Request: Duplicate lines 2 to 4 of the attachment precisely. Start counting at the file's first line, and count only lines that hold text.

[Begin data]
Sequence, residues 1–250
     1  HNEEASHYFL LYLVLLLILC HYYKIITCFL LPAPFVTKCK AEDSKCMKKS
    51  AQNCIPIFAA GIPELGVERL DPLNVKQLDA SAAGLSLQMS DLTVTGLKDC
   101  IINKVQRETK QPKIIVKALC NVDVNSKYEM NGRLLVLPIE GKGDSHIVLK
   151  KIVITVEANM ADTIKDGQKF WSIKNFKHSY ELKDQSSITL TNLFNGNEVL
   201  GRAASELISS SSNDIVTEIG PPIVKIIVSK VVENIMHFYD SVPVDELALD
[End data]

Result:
     1  HNEEASHYFL LYLVLLLILC HYYKIITCFL LPAPFVTKCK AEDSKCMKKS
    51  AQNCIPIFAA GIPELGVERL DPLNVKQLDA SAAGLSLQMS DLTVTGLKDC
   101  IINKVQRETK QPKIIVKALC NVDVNSKYEM NGRLLVLPIE GKGDSHIVLK